Carole Price has written her first short story, "The Glass Birdhouse." It is published in Happy Homicides 4: Fall into Crime. The anthology is a bountiful harvest of cozy mysteries, including six novellas and seven short stories, plus a special bonus file of recipes and crafts.
Priscilla Royal's The Proud Sinner is up for pre-order should anyone feel inclined to medieval violence as opposed to any current political stuff... Ereader version available in Feb.
Christmas is only 132 days away, so Camille Minichino is busy furnishing a dollhouse for her annual donation to a local school Holiday Raffle. (Uh-oh, are those bodies in the living room?)
You have until midnight Monday, August 15, to enter the Goodreads giveaway to win an uncorrected proof of Ann Parker's What Gold Buys, the newest of her Silver Rush mysteries. Click the giveaway button below.
Speaking of Ann Parker's newest, What Gold Buys received a VERY nice review from Historical Novels Review. Reviewer Ellen Keith notes, "I haven’t read the first four but was so taken by Parker’s protagonist, Inez Stannert, that I’ll rectify that asap." Other nice comments follow. You can read the entire review here.
Ellen Kirschman, Camille Minichino, and Ann Parker took a jaunt to the monthly Northern California Mystery Writers of America meeting on Saturday. Topic: how authors and libraries can help each other.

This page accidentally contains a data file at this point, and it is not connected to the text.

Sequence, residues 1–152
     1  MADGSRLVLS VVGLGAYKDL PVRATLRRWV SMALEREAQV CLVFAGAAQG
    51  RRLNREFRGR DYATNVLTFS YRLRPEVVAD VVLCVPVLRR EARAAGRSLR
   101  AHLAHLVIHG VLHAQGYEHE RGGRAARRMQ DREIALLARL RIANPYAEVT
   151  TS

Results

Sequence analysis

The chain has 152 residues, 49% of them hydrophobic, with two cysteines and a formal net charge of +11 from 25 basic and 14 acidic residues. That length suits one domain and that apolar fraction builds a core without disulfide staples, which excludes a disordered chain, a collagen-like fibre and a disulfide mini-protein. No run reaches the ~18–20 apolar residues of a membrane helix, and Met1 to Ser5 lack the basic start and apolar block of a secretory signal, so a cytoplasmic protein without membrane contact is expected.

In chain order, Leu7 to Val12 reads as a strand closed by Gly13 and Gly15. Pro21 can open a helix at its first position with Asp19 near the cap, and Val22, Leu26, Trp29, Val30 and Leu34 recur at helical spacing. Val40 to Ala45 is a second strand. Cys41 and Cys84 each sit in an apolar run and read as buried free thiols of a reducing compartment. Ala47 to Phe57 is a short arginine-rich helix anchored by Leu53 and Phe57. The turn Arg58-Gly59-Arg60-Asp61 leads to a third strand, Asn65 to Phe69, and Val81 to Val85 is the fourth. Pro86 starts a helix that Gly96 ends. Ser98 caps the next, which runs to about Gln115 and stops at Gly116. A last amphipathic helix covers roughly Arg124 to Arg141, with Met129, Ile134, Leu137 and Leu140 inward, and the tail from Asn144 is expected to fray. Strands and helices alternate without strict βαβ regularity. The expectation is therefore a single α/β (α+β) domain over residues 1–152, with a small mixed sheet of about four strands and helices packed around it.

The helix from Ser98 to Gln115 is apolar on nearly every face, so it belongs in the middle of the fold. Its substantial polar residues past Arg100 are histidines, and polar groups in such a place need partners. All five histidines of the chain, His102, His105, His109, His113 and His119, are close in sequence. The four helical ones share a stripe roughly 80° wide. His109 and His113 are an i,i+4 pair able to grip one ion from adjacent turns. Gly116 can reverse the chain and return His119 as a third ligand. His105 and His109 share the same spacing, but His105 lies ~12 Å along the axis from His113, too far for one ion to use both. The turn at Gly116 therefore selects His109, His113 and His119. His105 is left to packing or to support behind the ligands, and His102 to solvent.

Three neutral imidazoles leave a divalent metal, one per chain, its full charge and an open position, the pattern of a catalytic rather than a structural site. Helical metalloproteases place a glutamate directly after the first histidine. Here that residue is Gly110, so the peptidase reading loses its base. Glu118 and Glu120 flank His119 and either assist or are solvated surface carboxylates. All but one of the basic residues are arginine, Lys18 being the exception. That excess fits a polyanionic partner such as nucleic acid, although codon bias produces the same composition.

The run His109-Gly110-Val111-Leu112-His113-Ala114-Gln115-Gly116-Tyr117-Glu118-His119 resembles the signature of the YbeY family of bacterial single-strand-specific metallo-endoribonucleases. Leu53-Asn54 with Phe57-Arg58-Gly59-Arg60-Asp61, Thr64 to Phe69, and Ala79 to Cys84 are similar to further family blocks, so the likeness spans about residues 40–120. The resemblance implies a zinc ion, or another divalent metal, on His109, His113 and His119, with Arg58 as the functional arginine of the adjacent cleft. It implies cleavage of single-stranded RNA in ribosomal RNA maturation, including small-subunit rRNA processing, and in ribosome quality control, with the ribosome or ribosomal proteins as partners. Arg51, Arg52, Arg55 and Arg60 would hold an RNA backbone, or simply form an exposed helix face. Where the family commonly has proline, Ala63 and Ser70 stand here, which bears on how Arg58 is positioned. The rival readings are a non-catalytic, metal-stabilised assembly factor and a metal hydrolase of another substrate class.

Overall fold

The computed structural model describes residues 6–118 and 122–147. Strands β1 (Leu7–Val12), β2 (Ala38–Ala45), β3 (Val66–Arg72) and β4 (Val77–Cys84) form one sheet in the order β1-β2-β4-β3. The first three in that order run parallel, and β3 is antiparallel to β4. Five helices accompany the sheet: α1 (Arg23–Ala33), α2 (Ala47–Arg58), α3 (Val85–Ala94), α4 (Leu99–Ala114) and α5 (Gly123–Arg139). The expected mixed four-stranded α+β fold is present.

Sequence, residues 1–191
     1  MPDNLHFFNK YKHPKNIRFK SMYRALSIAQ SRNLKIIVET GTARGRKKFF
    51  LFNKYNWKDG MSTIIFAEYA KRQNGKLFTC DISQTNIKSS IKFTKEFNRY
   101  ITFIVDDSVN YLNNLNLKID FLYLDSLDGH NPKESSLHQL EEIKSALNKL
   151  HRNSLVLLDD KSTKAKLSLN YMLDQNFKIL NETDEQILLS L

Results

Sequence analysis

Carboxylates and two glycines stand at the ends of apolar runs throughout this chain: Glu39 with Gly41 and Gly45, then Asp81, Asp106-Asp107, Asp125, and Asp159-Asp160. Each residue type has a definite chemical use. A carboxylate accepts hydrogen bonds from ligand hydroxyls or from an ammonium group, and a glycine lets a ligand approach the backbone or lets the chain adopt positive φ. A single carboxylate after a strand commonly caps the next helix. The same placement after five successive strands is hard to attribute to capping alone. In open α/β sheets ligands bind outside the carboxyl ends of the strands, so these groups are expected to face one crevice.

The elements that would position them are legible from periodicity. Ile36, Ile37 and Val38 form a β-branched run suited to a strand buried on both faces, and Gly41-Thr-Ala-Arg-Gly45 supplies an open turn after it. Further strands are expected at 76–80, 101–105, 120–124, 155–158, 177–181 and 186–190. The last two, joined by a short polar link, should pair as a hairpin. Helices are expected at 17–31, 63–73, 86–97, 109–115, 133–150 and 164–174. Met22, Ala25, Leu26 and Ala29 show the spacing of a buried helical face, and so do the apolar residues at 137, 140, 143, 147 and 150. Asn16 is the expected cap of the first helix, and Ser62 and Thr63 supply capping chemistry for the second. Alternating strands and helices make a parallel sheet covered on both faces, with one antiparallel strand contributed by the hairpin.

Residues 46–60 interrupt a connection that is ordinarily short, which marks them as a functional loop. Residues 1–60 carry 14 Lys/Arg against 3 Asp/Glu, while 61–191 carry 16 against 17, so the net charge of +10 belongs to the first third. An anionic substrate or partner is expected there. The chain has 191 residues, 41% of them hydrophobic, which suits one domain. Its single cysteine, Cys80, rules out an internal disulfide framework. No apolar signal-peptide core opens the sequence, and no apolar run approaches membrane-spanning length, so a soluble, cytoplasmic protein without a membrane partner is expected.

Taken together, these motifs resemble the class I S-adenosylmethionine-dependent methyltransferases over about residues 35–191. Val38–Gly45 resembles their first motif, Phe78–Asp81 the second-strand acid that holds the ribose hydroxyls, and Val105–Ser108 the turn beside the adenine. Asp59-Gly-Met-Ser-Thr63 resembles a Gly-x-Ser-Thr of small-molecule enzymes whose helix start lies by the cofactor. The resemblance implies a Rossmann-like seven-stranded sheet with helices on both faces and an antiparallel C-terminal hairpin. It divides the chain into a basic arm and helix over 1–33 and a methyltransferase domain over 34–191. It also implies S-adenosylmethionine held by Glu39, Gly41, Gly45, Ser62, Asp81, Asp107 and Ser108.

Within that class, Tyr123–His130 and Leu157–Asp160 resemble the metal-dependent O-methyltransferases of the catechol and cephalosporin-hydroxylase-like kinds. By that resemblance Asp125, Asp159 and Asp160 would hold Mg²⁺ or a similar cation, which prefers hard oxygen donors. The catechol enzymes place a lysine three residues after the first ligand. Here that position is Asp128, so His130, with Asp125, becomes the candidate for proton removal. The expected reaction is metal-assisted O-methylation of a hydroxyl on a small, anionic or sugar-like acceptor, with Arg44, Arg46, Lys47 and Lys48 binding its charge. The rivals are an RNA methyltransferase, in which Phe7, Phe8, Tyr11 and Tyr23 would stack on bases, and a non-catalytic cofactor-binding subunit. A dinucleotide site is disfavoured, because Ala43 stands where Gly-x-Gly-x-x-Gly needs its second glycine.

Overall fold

Ellen Kirschman's first LadyKillers post comes up this Friday! Be sure to check in and say hello to her...
Politics! Are you in or out??
Politics is a hot button topic, no matter what side you're on... So what's a writer to do? Jump in, comment, take a public stand, and maybe alienate readers? Or stay away and talk about ... the weather? Politics is not the only controversial subject around, but right now it's one of the most volatile.
So, what do you think? Do you like your favorite authors to come forward on topics such as politics, or do you wish they'd just stick to writing?
See what the LadyKillers have to say about politics (yea or nay or abstain), and public controversy...
Camille Minichino, the perennial professor, is gearing up for teaching her fall roster of classes. Bay Area peeps are invited to sign up for a 6-session Writing Workshop, starting August 30. Details at Camille’s website, www.minichino.com/classes
We have a new LadyKiller joining our merry band of bloggers! Please welcome nonfiction and mystery author Ellen Kirschman!
Ellen has been a police and public safety psychologist for thirty-plus years. Her work with first responders has taken her to four countries and twenty-two states. She's won several awards and in 2014 received the California Psychological Association's award for distinguished contribution to psychology. I Love a Cop: What Police Families Need to Know was her first book. I Love a Fire Fighter: What the Family Needs to Know came next, prompted by the tragic events of September 11th. Following that she wrote Counseling Cops: What Clinicians Need to Know, third in the "need to know" series, with Mark Kamena and Joel Fay, both of whom are retired cops.